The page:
Well, yes, if she’s giving students authentic French writings about the Iraq issue and telling students to debate the issue in French, that’s fine, but if she’s telling them what to think about Iraq in any language, then that’s where I draw the line.

  10. Sean Kinsell says:

    “Does it take a French professor to teach that there’s a tradeoff between flexible work hours and overtime?”

    I noticed in college that PC-left professors really, really detested trade-offs of any kind. Every circumstance that required people to prioritize among worthy but mutually exclusive goals was cast as a way our hegemonic culture forces us into dysfunctional no-win situations. (Presumably, there’s a way of ensuring that life is an endless river of satisfied whims and undashed expectations, as long as we stick it to rich white men sufficiently.) You can imagine the piquant blend of resentment and pity with which those who maximized the wrong options were regarded.

  11. Wacky Hermit says:

    I indoctrinate my students with my right-wing views! But only before or after class and at break time. And it’s not much of an indoctrination, since I already teach at a university that is practically a Branch Campus at the Limbaugh Institute for Advanced Conservative Studies. I have some students that are so stridently right-wing that they make me look like a bleedin’ heart.

  12. Ken Summers says:

    To add to Geoff’s and Doug’s comments: Could it simply be that people who pay actual, hard-earned money to take a particular subject really do want to study that subject?

    Back in the 70s, when I was at UCSC, it was very chic to boycott classes to make political statements (usually having nothing to do with the class). Practically without exception, the ones who did so were rich or upper middle class kids going to school on daddy’s dime (and almost uniformly white because for all its “diversity” talk, Santa Cruz was a pasty white campus at the time). Everyone who came from a lower income household or was putting themselves through school attended all the classes.

  13. Richard Brandshaft says:

    “Has anyone heard of a professor or teacher imposing *right wing* views in class?”

    Yes. When I was in school, the faculty was more conservative than the students. The weirdest thing about being old is seeing history I am old enough to remember deleted or changed before my eyes.

    And today, there is a lot of talk about “scientific” economics, which actually means conservative economics.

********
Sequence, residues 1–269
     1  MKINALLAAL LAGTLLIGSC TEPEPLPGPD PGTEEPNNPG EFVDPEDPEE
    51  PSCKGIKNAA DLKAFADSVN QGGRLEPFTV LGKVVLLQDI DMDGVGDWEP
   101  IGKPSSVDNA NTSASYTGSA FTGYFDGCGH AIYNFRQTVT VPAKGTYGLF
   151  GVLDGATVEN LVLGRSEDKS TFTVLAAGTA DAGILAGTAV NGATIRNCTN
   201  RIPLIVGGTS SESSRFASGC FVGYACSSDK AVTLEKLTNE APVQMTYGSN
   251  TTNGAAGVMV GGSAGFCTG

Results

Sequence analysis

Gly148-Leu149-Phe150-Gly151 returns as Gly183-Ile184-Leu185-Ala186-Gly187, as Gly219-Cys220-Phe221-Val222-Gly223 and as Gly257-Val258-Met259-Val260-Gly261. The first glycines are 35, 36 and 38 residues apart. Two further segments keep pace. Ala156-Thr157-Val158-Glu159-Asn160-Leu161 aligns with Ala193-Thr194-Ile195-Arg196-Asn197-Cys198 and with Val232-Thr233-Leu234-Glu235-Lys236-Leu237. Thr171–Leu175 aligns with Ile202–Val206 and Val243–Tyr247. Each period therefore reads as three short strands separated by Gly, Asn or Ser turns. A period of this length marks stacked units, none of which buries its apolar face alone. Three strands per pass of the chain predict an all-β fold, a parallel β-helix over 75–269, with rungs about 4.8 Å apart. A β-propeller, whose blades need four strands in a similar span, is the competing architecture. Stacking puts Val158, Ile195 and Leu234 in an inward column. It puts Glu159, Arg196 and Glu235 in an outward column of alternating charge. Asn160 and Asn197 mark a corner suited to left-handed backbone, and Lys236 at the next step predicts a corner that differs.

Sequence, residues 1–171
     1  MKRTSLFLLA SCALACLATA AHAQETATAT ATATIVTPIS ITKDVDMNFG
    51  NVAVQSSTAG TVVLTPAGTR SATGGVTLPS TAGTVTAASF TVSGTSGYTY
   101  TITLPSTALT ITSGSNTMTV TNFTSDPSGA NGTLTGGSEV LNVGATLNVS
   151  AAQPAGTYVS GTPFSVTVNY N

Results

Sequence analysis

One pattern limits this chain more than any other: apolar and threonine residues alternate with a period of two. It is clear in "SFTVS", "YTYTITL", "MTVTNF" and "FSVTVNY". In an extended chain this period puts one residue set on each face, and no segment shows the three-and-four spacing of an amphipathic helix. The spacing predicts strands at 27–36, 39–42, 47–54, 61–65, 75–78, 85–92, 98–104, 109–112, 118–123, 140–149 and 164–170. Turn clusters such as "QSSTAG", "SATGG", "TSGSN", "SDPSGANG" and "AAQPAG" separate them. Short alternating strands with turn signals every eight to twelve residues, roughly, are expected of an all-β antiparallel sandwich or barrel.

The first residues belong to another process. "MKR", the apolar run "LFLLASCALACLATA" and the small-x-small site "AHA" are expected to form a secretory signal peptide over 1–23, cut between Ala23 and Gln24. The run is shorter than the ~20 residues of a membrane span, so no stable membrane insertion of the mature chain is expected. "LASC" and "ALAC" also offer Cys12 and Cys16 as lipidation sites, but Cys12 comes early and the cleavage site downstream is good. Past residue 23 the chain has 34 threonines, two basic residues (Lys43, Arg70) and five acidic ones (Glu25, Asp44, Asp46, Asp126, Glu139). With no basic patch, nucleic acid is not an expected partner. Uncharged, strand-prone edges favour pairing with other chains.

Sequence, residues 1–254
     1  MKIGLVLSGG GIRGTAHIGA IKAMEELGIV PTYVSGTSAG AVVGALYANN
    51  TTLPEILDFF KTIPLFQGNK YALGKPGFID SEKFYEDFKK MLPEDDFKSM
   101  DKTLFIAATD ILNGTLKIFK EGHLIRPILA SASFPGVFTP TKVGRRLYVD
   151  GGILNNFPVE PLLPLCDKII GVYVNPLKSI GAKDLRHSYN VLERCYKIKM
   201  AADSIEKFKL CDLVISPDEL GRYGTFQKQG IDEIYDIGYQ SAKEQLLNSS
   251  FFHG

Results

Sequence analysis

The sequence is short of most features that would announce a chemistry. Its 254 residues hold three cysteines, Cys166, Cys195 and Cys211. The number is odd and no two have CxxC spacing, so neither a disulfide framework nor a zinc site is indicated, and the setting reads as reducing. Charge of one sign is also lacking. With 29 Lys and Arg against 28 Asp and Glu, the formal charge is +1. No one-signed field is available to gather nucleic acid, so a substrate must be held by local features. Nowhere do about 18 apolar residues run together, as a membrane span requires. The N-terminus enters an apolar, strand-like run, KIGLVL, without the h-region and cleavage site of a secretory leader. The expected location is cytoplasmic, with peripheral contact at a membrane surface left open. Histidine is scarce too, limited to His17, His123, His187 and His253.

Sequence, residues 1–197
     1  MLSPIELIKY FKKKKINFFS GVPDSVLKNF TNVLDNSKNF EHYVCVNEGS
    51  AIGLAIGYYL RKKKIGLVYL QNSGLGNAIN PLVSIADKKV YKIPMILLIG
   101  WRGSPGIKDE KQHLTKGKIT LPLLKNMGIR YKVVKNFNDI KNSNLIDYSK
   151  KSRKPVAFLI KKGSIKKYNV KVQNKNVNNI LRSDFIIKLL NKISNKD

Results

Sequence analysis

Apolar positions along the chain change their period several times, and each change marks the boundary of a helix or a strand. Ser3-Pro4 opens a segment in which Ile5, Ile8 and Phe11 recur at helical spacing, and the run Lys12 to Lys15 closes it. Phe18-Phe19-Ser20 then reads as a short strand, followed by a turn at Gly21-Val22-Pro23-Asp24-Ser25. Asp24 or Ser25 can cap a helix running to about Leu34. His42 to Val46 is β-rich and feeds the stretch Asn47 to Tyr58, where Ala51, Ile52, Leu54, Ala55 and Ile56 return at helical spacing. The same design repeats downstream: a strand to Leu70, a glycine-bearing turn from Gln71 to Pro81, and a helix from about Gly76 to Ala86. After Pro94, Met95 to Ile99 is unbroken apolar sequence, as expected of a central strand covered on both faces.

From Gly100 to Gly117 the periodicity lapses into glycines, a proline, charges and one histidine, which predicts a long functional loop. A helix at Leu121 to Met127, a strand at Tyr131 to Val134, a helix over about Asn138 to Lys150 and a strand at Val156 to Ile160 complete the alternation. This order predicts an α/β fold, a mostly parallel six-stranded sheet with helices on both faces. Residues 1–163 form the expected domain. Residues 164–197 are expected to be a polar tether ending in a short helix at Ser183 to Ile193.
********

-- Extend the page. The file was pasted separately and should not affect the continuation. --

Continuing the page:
There is no such thing as “right wing views” to a conservative, or “left wing views” to a liberal. They are just trying to teach the younger generation hard-learned common sense. It’s the other side that is indoctrinating students.

  14. What professional career pays “overtime”? Get real, honey. If I got “overtime” for all my extra hours, I’d be richer. But I ‘d be a blue collar worker, not a TV director. And I know which job is lot more fun.

  15. “Has anyone heard of a professor or teacher imposing *right wing* views in class?”

    I teach standard market-based economics and from some of the looks on my student’s faces, they must think I’m some sort of right-wing kook!

  16. Walter Wallis says:

    The 4-10 plan, where workers could work ten hours at straight time for 4 days, then get a 3 day weekend, was trading 4 hours pay for a 20% reduction in commute and a 50% increase in days off. Not a bad deal for someone who lives in Tracy and works in San Jose. And, let’s face it – the boss gains little since scheduling problems can occur when no one wants to work Friday but positions need to be covered.
    The democrats “protected” workers against such a choice.

  17. Richard, what my daughter paid for was Indian art history, not to be a member of a captive audience listening to one person’s view of current U.S. politics. So spin it however you want about how old you are, how many cycles you’ve seen, that it’s hard learned common sense, which side of the aisle it’s coming from – none of that excuses what he was doing in the least. Nice try, though.

  18. I’m a former French teacher who had second thoughts about his career upon meeting a doctoral student in French who could speak not a word of French. This was over thirty years ago, in Sydney.

    Now it seems that the teachers are having problems with their first language. Would someone please tell me what “wakeful” political literacy is, with or without its inverted commas? And how am I to interrogate a single cultural message, let alone all? And how does one go about mining implications?

    Traduction, s’il vous plait!